FD6- Teaching for student active learning | Autumn 23
The aim of the module is to problematize the meanings of student active learning as part of our teaching in higher education. This requires work with and discussion about what conditions student active learning is based on and how we can implement it in our own teaching.
Student active learning is defined by Prince (2004) as: “[…] any instructional method that engages students in the learning process. In short, active learning requires students to do meaningful learning activities and think about what they are doing. […] The core elements of active learning are student activity and engagement in the learning process. Active learning is often contrasted with the traditional lecture where students passively receive information from the instructor. ”
Meta-studies present a picture that active students give better learning results than lectures. We must therefore work together to develop student-active learning cultures, where students are expected to get involved in their own learning work. In such an expectation lies what is considered «student-active forms of learning» and how these can be practiced and evaluated.
The aim of the module is to bring out and problematize the meanings of student-active forms of learning in teaching in higher education. This requires work with and discussion about the conditions on which student-active learning methods are based. To develop and evaluate the consequences of using student-active learning methods, knowledge is needed of what teachers do to meet the intention of student-active learning methods.
In the module, we want to actualize what you think and do in your own teaching, and how knowledge about the student-active form of learning can be actualized and contribute to your work with students' learning.
- Student-active learning
- problem-based learning
- project-based learning
- researchbased learning (IBL)
- collaborative learning
Learning outcome description
- Recreate what characterizes student active learning.
- Understand how knowledge about student-active learning can promote teaching
quality and learning for students over time.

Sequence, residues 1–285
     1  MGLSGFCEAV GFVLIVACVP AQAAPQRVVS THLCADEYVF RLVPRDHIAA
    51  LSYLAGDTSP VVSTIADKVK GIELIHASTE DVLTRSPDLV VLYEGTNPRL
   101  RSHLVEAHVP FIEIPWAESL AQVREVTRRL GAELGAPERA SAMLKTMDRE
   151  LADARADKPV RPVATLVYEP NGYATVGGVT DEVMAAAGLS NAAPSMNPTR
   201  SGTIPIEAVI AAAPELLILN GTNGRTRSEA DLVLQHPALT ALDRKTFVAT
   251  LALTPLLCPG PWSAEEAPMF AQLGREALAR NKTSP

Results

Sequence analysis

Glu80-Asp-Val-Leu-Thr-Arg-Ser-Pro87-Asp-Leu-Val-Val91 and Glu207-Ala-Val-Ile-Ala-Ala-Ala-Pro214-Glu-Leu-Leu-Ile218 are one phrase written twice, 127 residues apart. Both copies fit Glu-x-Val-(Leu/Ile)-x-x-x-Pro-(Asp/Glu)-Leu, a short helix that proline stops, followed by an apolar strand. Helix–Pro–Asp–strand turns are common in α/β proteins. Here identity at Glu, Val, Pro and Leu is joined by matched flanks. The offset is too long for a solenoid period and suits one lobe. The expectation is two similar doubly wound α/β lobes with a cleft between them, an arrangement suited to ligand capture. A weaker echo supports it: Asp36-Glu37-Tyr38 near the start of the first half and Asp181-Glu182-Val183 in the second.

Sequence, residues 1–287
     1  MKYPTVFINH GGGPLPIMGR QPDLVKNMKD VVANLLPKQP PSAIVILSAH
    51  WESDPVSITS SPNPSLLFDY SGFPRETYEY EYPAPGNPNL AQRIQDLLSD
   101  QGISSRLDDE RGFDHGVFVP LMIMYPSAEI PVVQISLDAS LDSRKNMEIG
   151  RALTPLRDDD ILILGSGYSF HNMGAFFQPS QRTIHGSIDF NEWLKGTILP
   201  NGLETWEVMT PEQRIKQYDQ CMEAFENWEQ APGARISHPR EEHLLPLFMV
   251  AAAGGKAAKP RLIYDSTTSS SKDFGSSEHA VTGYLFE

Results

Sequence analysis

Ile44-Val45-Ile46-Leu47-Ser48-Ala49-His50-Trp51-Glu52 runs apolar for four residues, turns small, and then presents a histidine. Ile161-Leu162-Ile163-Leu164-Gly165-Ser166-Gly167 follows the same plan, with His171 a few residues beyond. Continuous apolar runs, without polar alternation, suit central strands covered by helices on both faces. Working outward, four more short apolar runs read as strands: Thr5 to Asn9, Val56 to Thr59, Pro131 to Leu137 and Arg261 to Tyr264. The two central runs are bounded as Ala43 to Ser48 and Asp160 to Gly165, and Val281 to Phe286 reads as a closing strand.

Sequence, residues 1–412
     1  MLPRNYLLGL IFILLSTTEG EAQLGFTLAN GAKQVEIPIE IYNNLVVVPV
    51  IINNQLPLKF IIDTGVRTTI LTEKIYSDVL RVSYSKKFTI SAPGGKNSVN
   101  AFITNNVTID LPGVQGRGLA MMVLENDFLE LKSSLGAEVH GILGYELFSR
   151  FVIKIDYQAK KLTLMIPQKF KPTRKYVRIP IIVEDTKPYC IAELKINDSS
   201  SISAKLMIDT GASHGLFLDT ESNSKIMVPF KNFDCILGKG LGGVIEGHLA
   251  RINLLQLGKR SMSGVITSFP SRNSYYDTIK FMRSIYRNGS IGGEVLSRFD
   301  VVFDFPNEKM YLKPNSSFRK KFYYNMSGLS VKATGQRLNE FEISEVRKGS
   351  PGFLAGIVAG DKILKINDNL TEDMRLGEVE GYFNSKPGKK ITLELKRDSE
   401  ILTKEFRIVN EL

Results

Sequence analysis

- Understand how assessment can be included in student-active learning
- Actualize student-active learning in own teaching and evaluate the experiences of
- Be able to use student-active learning to renew your own future teaching practice
The module consists of three digital meetings:
- The first session introduces what student active learning is and some examples of
known methods that can be used in teaching in higher education.
- Between the first and second meeting, you must problematize the consequences of
actualizing student-active learning in your own teaching practice, and make a
presentation for the other participants (10 minutes).
- In the second meeting we will present and discuss each other's presentations. You
will also discuss how actualization of these methods can renew your own teaching
- Between the second and third meeting, you will try out student-active learning in
your own teaching practice, or discuss it with colleges in your subject area. This
should be the starting point for a presentation (10 minutes) where you discuss the
consequences of actualizing student-active learning in your subject. What happens /
can happen, and what is the way forward.
- In the third and final meeting, we will discuss the consequences of working with
student-active learning in our own teaching.
- Feedback on presentations on actualization of student active learning in own
teaching practice (fellow students)
- Final assessment: Openness to what student-active learning entails, and can
document that you have started working with it in your own teaching.
Organization of the module
Three digital meetings + two intermediate work.
First session: 07.09.23 at 09.15-12.00,
Second session: 27.09.23, at 09.15-12.00
Third session: 25.10.2023, at 09.15-12.00
Learning platform: Zoom
Deslauriers, L., McCarty, L. S., Miller, K., Callaghan, K. and Kestin, G. (2019)
Measuring actual learning versus feeling of learning in response to being
actively engaged in the classroom. Proceedings of the National Academy of
Sciences. 116, 19251-19257
Freeman, S. (2014) Active learning increases student performance in science,
engineering, and mathematics. Proceedings of the National Academy of
Sciences 111, 8410–8415 (2014).
Prince, Michael. (2004). Does Active Learning Work? A Review of the Research.
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Damsa, C., de Lange T., Elken, M, Esterhazy, R., Fossland, T., Frølich, N.,
Hovdhaugen, N., Maassen, P., Nerland, M. B., Nordkvelle, Y. T., Stensaker, B.,
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Norwegian Higher Education - A review of research on aspects affecting
student learning, Report 2015: 24.
Kjerland, G.Ø. and Annerstedt, C. (2021) Applying learning theories in learning
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